House Budget Committee Chairman Paul Ryan
says the GOP is not trying to shut down the government, but that might be the intention of Senate Democrats, who have not yet taken any action on completing a spending bill for the current fiscal year. With the April 8 shutdown deadline looming, Ryan also said on Fox News Tuesday, the House will unveil a 2012 budget next month that tackles entitlements.
“Well, it’s been 38 days since we passed our bill in the House preventing a government shutdown, cutting spending — the Senate has yet to do that,” Ryan told Fox News’ Greta Van Susteren. “They have passed nothing to try and prevent a government shutdown or to get any spending savings.
“We are not trying to shut down the government, we’re trying to save money — we're trying to cut spending. And we really don’t see any sincere efforts on their [part] to fix this,” Ryan continued. “So . . . it looks like they might be aiming for a government shutdown. That’s not our intention. Our intention is to cut spending and save some money.”
Ryan told Van Susteren the House’s 2012 spending package will include reforming entitlements, which he says are “the big drivers of our debt.”
“The point I want to make is the sooner you tackle our fiscal problems in America, the better off we are all going to be,” Ryan said. “We are going to present a plan for prosperity, for economic growth, for job creation, for getting spending under control, and reforming the drivers of our debt, so that — not only do our children and grandchildren inherit a better country and a higher standard of living — but get jobs going right now.
“If we don’t preempt the debt crisis, then we will have painful European-like austerity — benefit cuts to current seniors, tax increases on everybody, that slows down the economy — that's what we’re trying to prevent from happening,” he said.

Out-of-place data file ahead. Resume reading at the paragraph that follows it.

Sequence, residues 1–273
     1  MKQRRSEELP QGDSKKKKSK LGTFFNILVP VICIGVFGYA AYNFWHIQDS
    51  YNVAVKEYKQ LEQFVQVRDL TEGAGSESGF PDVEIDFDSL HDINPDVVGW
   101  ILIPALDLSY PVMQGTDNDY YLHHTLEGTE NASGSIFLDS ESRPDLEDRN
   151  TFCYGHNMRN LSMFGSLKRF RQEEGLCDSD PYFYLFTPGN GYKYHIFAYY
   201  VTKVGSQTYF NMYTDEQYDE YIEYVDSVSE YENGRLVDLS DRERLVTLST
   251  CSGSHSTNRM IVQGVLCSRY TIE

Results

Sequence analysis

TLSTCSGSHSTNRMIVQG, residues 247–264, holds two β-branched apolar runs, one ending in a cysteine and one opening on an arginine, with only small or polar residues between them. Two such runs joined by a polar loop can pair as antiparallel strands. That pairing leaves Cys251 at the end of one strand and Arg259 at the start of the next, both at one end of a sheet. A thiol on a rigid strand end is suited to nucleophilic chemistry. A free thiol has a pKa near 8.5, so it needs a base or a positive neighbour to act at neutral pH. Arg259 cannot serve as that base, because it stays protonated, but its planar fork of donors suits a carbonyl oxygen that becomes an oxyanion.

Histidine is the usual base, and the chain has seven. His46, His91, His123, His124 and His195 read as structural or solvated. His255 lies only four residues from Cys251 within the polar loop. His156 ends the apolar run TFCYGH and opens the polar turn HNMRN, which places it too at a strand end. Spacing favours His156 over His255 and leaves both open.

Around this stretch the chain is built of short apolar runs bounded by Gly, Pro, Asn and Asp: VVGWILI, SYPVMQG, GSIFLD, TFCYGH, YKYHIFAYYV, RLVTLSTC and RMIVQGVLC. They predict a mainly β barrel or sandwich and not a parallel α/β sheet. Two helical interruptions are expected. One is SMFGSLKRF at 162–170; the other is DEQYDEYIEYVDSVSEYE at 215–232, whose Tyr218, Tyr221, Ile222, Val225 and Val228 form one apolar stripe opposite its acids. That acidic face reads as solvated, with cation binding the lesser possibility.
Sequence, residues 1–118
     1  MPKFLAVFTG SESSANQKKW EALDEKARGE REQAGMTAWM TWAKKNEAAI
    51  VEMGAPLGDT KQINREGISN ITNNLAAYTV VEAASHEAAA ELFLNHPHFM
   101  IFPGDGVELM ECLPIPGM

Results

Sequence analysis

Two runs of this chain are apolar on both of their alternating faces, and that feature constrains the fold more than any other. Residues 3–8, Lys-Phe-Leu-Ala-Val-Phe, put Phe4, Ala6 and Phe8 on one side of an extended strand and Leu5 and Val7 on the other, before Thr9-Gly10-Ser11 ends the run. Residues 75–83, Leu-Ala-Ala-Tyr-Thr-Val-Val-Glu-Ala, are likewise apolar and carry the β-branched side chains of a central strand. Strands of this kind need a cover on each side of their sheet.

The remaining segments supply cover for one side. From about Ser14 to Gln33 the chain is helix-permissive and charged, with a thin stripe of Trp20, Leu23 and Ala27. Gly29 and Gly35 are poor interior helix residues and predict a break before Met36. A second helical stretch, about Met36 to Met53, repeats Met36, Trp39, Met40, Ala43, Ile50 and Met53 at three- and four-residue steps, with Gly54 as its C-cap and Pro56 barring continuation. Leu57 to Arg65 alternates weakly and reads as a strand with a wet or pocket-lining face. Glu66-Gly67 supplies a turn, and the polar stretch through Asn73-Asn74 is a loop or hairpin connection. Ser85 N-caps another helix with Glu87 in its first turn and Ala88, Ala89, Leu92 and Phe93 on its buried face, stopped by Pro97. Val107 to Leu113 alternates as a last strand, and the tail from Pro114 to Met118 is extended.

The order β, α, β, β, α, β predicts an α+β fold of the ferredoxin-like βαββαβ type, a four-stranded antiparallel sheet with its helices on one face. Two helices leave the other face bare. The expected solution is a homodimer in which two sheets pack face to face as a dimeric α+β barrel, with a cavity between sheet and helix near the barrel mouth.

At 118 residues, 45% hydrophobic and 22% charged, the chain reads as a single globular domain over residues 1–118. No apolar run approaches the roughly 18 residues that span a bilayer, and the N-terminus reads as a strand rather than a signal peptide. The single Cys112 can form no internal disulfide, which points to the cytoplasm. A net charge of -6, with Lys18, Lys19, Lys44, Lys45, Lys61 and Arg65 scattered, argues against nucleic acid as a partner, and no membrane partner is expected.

“We want gradual reforms that protect seniors, people in and near retirement, from any changes, and we want government right, so we don’t have this tidal wave of debt that’s coming, which is the most predictable economic crisis we’ve ever had in this country. We want to preempt it, and that takes leadership,” Ryan added. “The president hasn’t led — we’re going to.”
Van Susteren asked Ryan how the House plans to confront popular entitlement programs — Medicare, Medicaid, and Social Security.
“Next week, we’ll lay out a specific plan for how we propose to do it. But the point I want to make is, if we reform these programs now, we can do it gradually,” Ryan said. “No changes for anybody in, near retirement. So those like my mom and your parents . . . who are on these programs, they don’t see changes in their benefits.
“But for younger people, like us and the ‘X Generation,’ we will have to have reforms of these programs: One, so they're actually there when we retire, so they're sustainable, so they're solvent, but number two, so we preempt the debt crisis,” he added. “We’ll have to reform these programs to save these programs — Medicare, Medicaid, Social Security — they’re all going bankrupt. They’re all facing looming insolvency, and that’s according to the trustees.
“So you got to reform these programs if you want to save these programs. And we want to save these programs so there's something we can actually count on as younger people,” Ryan continued. “But more importantly, these are the big drivers of our debt and we don’t want to give this country a debt crisis.”
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